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Edit: I've gotten a couple of answers that say what I already said in the question. What I am really interested in is finding corroborating reference material.

I am looking at a code sample that more or less follows this pattern:

Map<String, List> getListsFromTheDB() {
  Map<String, List> lists = new HashMap<String, List>();

  //each list contains a different type of object
  lists.put("xList", queryForListOfXItems());
  lists.put("yList", queryForListOfYItems());

  return lists;

void updateLists() {
  Map<String, List> lists = getListsFromTheDB();

My feeling is that this is an anti-pattern. What the coder should have done is create a class which can be returned, like this:

class Result {
  private final List<X> xList;
  private final List<Y> yList;

  public Result(xList, yList) {
    this.xList = xList;
    this.yList = yList;

  public List<X> getXList() { xList; }
  public List<Y> getYList() { return yList; }

This would be more type-safe, avoid over-generalizing a very specific problem, and be less prone to errors at runtime.

Can anyone point me to any authoritative reference material which specifies that you should avoid this kind of pattern? Or, alternately, if it's actually a good pattern, please give justification.

share|improve this question
Note, there are always two types of lists returned; it doesn't vary by usage. – RMorrisey Sep 30 '10 at 0:34
What you are saying sounds reasonable in your particular case because you always know that an input to doSomething is the xList and yList. But if you just wanted to process the returned lists in bulk without referring to each individual one it would indeed make sense to return some kind of a Map/List/Set structure. – Strelok Sep 30 '10 at 0:36
I'd consider that an antipattern, yes. – ColinD Sep 30 '10 at 1:09

I say it depends on the context.

If you return a map, the caller has to know the 'magic' keys "xList" and "yList" to get the actual data out of the map. I mean magic as magic constants. (You could iterate over the map to find the magic keys, but that's just a trick.) By using the map you have actually hidden the data, making it harder to get what one wants (x- and yLists).

The magic constants do not have to be so magically. If "xList" and "yList" would be the table names in the database (or whatever external strings), then I would expect to get a mapping from table names to object lists. Someone might add/rename/delete tables. (Or, maybe prettier, I would like to be able to query per table like getListFromTheDB("xList");. )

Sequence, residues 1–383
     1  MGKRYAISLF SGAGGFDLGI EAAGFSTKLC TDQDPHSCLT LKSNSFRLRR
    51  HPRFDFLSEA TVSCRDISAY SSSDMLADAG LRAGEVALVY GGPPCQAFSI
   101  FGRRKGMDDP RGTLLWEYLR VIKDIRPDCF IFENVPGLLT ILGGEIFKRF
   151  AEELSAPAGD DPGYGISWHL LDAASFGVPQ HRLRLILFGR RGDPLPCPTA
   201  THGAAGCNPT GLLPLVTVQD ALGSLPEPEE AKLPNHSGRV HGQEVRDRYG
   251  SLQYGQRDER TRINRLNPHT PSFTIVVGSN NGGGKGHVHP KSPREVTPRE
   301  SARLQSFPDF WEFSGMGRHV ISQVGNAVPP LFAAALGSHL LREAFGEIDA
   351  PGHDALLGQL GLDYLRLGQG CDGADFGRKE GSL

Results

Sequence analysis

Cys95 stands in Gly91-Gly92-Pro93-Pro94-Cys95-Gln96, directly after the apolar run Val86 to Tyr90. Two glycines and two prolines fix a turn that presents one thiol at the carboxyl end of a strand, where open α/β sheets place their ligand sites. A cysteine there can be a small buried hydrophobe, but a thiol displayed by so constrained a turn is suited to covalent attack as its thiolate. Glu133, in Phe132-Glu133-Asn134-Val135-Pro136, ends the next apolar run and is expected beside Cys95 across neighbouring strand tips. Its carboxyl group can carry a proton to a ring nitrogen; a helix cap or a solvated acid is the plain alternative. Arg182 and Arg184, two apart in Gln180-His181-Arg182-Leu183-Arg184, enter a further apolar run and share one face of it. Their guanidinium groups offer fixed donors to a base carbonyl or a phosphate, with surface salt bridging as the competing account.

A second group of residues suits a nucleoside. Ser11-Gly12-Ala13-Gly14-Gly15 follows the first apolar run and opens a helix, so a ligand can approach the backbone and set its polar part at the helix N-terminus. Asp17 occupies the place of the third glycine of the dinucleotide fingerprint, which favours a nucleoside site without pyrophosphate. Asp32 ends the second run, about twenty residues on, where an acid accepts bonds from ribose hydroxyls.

In your code you got this method


That does smell like hard coded xList and yList. That would thus (IMO) make a map a bad choice.

share|improve this answer
Edited the question to clarify what I'm looking for – RMorrisey Sep 30 '10 at 12:28
@RMorrisey - Magic number (or constant) is a antipattern, so this style begs for one. But I don't know if there is a 'map antipattern'. Maybe now there is ;) – Ishtar Sep 30 '10 at 15:24

I think the point is the number of Lists is fixed. Since you ensure the code uses 2 lists, the map is a little bit over-generalizing.

So 'class Result' is better I think.

share|improve this answer

I don't have any authoritative material, but my gut feeling is that, unless there's something more complex going on in the real code, using a Map this way doesn't bother me. The Result class feels a bit like overkill, actually.

share|improve this answer
Doesn't it bother you that the compiler won't catch you if you type "xlist" instead of "xList"? In my actual code, these two methods are in different classes in different packages. You could fix this by using a constant, but really, why introduce the potential problem point in the first place? – RMorrisey Sep 30 '10 at 0:38
I guess it does, a bit. Thinking about it some more, I'd really rather just see two methods, getXListFromTheDB() and getYListFromTheDB(). – Matt McHenry Sep 30 '10 at 1:26
I agree that it would be cleaner to use two separate methods in the example, but I think that's beside the point. =) – RMorrisey Sep 30 '10 at 2:33

I agree with you. Obviously the guy was lazy and used a Map to avoid creating a new class. The side effect is that the code that need to use getListsFromTheDB() will be less readable, and, as you mentionned, more error-prone.

Of course, there is the alternative in which the caller creates the lists:

void fillFromTheDB(List<X> xList, List<Y> yList) {
  //each list contains a different type of object

void updateLists() {
  List<X> xList = new ArrayList<X>();
  List<Y> yList = new ArrayList<Y>();
  fillFromTheDB(xList, yList);
share|improve this answer
Edited the question to clarify what I'm looking for – RMorrisey Sep 30 '10 at 12:29

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